Flash Fiction-It’s Not About Barry Allen

I’ve always admired people who can write short stories. Packing everything needed for a good narrative into less than 10k words is a skill that I struggle with. Besides some success I’ve had with horror short stories, short fiction is not my forte. Plus, I always want to put a silly surprise at the end, which a lot of editors don’t love.

Last year I went to a conference and heard a couple of people talk about Flash Fiction.

Flash Fiction is a story in 1,000 words or less.

Yes, you read that correctly, 1,000 words or less.

During a session at the conference, the presenter gave us some randomly generated story parts (character, setting, genre) and then gave us twenty or so minutes to write a flash fiction story about it.

Can I just say that I loved it? It was liberating staring at a blank page, typing my “parts” at the top, and then trying to put them into a cohesive story that would only last 1,000 words.

I don’t usually struggle with commitment, but I tell you what, these little things are commitment free, and highly addictive. I was hooked after one, wrote a horror flash fiction for an anthology the next day, and then decided I would adopt the platform of Flash Fiction on my website.

Now I kind of stole the randomly-ish generated theme, genre, character…idea from the presenter. I came up with my own five categories, and filled them up. I then dig into my husband’s D&D dice bag and I see what fate has in store for me this week.

Voila, Flash Fiction Friday!

The great thing about it, is things have to connect, but not everything has to be explained. You don’t have time to go into a great deal of background, so to say the character is an angry mobster bent on revenge is enough. And the narrative is so short that it almost has to be a snap shot—a moment where something changes. Or when something should change, but it doesn’t. Get in, tell the story and get out all in less than two pages, single spaced in Word.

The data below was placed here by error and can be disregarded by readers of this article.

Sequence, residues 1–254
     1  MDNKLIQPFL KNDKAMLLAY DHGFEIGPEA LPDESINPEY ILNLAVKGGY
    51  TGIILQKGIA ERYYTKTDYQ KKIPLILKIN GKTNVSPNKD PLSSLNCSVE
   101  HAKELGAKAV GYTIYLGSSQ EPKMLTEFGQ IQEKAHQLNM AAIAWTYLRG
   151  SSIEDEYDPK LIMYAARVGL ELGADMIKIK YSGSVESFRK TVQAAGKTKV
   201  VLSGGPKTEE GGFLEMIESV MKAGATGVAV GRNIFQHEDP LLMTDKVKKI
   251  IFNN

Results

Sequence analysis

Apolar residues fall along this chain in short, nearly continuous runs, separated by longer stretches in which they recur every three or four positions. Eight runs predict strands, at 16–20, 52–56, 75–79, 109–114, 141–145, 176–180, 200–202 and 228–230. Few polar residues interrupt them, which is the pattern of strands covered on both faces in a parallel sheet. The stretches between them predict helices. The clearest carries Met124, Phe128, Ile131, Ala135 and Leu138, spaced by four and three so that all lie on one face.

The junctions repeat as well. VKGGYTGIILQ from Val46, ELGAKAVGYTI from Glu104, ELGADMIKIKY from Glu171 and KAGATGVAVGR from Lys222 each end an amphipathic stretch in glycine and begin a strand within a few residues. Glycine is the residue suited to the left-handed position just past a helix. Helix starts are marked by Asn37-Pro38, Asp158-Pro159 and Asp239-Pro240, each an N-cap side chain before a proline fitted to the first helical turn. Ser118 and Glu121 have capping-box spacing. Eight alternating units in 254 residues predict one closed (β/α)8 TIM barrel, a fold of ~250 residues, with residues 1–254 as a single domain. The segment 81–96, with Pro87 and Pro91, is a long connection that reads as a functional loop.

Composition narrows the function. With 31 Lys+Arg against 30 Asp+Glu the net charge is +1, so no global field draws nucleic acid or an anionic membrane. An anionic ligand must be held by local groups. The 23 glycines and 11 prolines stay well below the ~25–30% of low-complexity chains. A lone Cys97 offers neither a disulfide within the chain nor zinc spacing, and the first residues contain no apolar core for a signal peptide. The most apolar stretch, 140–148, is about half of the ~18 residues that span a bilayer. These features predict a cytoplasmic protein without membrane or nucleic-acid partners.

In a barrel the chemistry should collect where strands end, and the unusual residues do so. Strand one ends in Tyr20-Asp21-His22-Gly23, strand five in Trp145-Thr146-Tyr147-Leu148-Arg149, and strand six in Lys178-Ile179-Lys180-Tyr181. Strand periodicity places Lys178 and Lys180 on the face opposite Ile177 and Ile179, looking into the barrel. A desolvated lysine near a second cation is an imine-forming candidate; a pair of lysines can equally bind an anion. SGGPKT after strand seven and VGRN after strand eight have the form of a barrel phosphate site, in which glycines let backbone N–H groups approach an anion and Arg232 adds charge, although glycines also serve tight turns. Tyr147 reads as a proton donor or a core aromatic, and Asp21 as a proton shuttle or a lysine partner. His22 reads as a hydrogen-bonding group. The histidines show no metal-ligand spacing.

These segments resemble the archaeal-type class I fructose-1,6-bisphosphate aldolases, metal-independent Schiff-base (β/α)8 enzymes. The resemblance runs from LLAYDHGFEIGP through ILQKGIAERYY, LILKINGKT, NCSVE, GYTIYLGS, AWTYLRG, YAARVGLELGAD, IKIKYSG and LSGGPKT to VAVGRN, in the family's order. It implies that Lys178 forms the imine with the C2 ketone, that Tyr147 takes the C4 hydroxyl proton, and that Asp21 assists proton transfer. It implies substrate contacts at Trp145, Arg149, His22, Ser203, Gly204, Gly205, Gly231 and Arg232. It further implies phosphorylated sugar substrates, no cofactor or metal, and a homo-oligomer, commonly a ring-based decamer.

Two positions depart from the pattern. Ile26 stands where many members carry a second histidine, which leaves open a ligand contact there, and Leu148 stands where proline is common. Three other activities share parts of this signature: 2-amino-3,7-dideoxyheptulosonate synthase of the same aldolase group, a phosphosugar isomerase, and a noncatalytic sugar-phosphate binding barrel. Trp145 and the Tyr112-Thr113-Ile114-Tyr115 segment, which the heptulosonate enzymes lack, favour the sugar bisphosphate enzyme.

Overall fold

If you’re interested in writing, try it. If you’re having trouble with writer’s block, try it. If you’re looking for something new, try it. It’s like a cookie verses an entire cake. Take a bite and walk away.

Make me care – the two sides of Bioware storytelling

I am an avid gamer, as many folks are. Over the years I’ve come to focus primarily on strategy games and role playing games, with the draw of both being the story that unfolds out as you play.

This is especially true for the role playing games produced over the years by Bioware. Bioware has a knack for combining winning gaming systems with engrossing stories that has kept me involved in their products for more than twenty years now.

For the purposes of this post, I’d like to highlight two of their most famous game series and how the writing for those series helped me become a better writer myself. Ironically the big lesson for me lay in studying why Mass Effect, one of my favorite games of all time, failed to get me emotionally engaged with the main character.

Mass Effect is the story of Command Shepard, a player-created character who embarks on a mission to save the galaxy from the oncoming threat of the deadly Reapers. The story spans three games, each of which can take hundreds of hours to play through completely. Mass Effects world building is peerless in its industry, and to this day it is my favorite science fiction universe created in the past twenty years. From one corner of its galaxy to the other, the mythos and lore of Mass Effect pulled me in deep.